Top Links:

Get A Golf Handicap

UK Golf Guide

Golfshake Top 100s

Find Golf Travel Deals

Golf Competitions


Community Forum


Tee Times | Search | Reviews


Gear | Tour | Industry Insider


Video Library | Tuition Sections


Join | Log In | Help | Useful Links


What Makes Heathland Golf Courses So Good

By: Golfshake Editor | Fri 01 Apr 2022

SunningdaleSwinley ForestWokingWalton HeathHollinwell - if you’ve heard of, or even been lucky enough to play any of these fabulous courses, then you’ll already be familiar with heathland golf. Generally characterised as inland courses, built on fast-drying ‘heath’ soil and framed by heather, these layouts are as synonymous with golf in England (particularly around Surrey), as links golf is in Scotland. Join us as we look at some of the reasons that make heathland golf courses so special.

The spectacular images of Sunningdale featured below were captured by the brilliant photographer Kevin Diss.

The Heather


Where else could we start? It’s not a true heathland course without at least a smattering of heather, with the plant used to frame the playing areas and to provide true definition to the golfing landscape. In addition to benefitting the beauty of a course, heather is one of the toughest obstacles in the sport - able to provide holes with severe hazards and forcing the golfer to ‘take their medicine’ and chip the ball out, rather than taking on a shot towards their desired target.

One of the most magical aspects of heather is how it changes through the seasons, with the recognisable purple flowers a beautiful backdrop. However, even through the winter when the plant is dormant, heather is much more pleasing to the eye than some of the other brambles and gorse that can be found on these courses!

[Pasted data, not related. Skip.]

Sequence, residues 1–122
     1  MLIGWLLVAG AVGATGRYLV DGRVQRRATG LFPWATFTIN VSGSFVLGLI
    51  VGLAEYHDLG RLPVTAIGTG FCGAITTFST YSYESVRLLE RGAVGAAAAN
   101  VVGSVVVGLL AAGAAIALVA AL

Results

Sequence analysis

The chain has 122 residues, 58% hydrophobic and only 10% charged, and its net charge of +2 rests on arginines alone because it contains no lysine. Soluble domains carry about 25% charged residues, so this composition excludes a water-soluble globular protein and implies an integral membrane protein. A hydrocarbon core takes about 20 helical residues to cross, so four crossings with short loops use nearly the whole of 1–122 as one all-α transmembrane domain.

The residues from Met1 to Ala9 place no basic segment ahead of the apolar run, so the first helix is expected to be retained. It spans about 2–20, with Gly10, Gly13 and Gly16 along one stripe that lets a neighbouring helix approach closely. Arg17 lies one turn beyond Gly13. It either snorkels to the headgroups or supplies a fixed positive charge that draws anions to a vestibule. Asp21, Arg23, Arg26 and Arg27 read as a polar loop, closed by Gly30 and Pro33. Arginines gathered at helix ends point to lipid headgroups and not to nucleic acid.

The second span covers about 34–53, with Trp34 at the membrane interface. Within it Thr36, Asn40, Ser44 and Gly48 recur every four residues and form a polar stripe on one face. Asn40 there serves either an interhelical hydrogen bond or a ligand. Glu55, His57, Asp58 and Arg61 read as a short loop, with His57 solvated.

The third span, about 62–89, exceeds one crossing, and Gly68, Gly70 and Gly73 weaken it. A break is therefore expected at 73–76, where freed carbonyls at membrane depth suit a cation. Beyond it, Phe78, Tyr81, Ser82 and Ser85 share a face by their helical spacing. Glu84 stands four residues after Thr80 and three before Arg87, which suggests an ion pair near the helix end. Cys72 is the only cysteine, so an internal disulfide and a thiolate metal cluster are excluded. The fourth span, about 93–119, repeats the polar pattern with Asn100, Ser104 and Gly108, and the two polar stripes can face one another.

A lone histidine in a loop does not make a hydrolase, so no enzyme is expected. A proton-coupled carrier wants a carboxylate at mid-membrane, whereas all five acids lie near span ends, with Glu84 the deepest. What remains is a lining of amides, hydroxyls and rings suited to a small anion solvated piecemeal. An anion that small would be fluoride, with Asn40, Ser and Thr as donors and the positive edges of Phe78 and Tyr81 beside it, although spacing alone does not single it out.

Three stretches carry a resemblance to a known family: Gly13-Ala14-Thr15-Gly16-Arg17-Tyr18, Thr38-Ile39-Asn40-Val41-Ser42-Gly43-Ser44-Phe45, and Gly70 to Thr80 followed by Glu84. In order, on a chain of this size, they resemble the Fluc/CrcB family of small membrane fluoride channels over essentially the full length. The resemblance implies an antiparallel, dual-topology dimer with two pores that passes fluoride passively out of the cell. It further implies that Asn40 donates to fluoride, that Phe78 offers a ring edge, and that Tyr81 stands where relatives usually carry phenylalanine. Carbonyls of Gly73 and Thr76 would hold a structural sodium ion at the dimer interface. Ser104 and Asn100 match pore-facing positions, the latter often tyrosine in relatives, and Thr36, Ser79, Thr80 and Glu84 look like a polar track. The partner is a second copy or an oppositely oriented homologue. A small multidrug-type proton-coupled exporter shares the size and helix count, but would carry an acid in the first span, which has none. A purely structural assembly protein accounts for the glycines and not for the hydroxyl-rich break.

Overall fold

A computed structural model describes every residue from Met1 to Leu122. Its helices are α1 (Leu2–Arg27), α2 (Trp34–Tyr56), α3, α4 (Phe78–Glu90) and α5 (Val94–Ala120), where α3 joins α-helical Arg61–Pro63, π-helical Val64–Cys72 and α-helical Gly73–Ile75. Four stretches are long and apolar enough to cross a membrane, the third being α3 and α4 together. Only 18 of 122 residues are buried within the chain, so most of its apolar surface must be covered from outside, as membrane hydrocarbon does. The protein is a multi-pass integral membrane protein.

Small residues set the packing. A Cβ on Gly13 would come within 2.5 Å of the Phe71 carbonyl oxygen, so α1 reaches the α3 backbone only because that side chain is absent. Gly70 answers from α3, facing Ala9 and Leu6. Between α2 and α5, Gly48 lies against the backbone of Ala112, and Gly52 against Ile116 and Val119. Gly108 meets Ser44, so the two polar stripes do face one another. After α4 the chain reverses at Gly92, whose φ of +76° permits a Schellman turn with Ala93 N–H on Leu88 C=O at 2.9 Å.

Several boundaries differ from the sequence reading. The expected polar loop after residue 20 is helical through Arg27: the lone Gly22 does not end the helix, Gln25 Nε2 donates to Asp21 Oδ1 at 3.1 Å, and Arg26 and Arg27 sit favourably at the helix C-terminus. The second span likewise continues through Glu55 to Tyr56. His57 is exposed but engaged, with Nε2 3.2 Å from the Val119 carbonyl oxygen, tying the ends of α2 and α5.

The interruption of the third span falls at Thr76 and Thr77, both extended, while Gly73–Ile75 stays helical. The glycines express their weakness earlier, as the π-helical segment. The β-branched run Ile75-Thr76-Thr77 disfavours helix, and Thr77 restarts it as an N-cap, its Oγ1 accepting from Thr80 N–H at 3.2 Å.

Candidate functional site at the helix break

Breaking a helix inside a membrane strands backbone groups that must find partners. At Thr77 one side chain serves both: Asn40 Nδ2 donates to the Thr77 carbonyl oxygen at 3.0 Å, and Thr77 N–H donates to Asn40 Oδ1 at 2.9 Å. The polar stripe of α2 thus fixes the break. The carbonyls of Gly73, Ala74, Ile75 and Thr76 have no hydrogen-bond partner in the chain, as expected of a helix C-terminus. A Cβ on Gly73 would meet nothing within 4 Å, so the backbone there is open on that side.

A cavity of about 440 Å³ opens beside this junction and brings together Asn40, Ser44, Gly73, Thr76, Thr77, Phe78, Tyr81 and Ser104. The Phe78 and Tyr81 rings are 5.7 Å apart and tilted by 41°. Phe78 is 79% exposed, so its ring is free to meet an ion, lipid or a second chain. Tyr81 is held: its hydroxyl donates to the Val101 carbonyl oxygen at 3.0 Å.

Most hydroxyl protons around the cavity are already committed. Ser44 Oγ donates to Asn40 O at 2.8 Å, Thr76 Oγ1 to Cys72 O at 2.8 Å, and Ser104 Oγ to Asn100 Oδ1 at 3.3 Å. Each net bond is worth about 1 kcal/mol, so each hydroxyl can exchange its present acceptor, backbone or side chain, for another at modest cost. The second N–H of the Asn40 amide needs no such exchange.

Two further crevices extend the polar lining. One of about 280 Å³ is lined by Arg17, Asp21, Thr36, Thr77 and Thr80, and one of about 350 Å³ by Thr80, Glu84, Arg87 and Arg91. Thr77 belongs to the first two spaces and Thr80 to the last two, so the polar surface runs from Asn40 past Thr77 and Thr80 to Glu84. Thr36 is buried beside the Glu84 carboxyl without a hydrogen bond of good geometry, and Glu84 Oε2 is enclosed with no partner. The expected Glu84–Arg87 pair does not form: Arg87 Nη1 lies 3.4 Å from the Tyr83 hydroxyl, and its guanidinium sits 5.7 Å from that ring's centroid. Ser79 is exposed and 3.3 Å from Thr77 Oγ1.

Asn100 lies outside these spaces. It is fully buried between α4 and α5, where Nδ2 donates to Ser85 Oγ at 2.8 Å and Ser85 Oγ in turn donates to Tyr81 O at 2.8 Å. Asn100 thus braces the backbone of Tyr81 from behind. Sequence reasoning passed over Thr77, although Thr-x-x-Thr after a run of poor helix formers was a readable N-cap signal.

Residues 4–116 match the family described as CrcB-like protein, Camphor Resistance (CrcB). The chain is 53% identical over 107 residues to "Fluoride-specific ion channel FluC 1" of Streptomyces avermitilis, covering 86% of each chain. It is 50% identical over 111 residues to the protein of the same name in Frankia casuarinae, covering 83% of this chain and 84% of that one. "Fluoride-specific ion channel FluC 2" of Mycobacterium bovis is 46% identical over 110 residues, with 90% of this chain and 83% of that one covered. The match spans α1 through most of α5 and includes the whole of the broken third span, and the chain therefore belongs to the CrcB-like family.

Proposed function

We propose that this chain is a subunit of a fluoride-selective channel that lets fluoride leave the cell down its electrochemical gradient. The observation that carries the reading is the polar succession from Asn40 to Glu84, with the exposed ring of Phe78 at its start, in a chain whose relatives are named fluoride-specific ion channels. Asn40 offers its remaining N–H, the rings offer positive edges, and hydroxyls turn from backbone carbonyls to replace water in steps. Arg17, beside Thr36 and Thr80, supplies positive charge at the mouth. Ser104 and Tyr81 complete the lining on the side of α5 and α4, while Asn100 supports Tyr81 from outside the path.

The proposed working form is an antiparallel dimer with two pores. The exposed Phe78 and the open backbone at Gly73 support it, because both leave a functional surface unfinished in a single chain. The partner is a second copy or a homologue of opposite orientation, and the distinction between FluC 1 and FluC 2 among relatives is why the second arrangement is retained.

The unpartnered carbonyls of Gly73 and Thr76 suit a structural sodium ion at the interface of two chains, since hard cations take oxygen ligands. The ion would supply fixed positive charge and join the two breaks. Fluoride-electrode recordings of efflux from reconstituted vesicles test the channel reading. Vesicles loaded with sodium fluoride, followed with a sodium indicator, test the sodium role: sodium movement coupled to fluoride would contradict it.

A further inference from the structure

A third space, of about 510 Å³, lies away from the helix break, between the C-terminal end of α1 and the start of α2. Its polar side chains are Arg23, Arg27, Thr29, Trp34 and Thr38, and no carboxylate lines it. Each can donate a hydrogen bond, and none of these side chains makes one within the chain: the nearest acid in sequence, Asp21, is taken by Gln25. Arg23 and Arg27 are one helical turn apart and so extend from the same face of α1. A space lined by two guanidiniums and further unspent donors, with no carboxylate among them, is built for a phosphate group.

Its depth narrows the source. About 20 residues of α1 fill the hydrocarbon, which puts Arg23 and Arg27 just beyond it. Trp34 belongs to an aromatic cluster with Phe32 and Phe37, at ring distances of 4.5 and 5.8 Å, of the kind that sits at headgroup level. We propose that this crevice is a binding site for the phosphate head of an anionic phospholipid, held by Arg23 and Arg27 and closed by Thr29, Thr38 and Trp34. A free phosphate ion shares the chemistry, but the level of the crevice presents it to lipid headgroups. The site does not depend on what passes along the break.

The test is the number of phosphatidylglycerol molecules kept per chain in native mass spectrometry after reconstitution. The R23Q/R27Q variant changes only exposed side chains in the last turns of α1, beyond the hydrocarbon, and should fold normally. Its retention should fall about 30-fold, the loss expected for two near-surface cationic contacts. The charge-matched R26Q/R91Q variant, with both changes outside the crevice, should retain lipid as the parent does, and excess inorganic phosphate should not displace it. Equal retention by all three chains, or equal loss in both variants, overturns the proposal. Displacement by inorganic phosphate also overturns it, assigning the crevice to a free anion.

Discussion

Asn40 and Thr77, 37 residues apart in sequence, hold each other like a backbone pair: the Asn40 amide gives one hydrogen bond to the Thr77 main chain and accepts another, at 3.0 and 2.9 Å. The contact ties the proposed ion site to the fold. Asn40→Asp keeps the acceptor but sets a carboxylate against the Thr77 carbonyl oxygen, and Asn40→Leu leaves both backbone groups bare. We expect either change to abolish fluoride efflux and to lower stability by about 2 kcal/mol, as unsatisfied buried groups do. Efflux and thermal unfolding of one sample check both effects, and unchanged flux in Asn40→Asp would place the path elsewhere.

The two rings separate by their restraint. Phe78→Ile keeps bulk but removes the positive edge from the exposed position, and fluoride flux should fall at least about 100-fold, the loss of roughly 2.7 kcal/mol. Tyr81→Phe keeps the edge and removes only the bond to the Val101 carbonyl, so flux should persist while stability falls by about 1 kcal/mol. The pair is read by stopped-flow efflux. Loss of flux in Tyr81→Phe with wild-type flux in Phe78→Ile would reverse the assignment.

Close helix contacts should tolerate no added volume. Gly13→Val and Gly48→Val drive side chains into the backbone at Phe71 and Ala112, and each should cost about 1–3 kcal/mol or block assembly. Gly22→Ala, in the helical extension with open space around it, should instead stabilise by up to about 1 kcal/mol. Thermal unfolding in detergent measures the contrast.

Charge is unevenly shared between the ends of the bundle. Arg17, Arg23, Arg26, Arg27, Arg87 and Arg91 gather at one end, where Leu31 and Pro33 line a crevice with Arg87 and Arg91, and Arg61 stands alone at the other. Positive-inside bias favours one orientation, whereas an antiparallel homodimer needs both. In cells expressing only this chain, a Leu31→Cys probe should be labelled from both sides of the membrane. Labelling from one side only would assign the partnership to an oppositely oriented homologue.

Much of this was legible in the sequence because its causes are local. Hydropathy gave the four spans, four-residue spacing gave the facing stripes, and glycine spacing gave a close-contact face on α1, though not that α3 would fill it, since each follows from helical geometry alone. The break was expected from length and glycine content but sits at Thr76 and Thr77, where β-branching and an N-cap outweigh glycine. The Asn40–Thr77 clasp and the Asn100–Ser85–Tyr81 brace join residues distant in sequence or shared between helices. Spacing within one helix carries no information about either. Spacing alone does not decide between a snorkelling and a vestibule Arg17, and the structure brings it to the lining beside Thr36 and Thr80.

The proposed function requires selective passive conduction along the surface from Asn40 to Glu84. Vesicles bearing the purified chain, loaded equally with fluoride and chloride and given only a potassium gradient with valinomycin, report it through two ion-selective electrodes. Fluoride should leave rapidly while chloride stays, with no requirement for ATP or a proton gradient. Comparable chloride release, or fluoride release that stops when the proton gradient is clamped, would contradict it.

The Year-Round Playability

The makeup of the sandy soil on which heathland courses are laid typically drains incredibly quickly, maintaining playability for 12-months a year. Through the colder months, these fairways will typically ‘green up’, with the moisture aiding grass growth and providing an almost bouncy feeling underfoot. However, the hotter months can be a totally different story, with heathland courses often boasting firm and fast fairways more reminiscent of a linksland layout. Due to its sandy nature, the soil itself isn’t necessarily packed with nutrients on heathland courses, and as a result, grass can struggle to grow lush in the middle of summer. However, this makes these fairways ideal for their course designs, enabling the golfer a myriad of options both off the tee and in attacking the greens, and making the courses eminently playable for all abilities.

The Strategy


Linked to how the course changes throughout the season is the strategy needed to play heathland courses well. The greens can generally be attacked from both the ground and the air throughout the year, although undulations and large putting surfaces can make finding the right sections of these hugely important. Drivers aren’t always necessary, as the fast-running fairways can encourage a long iron for position off the tee - allowing you to truly get creative with your approach play.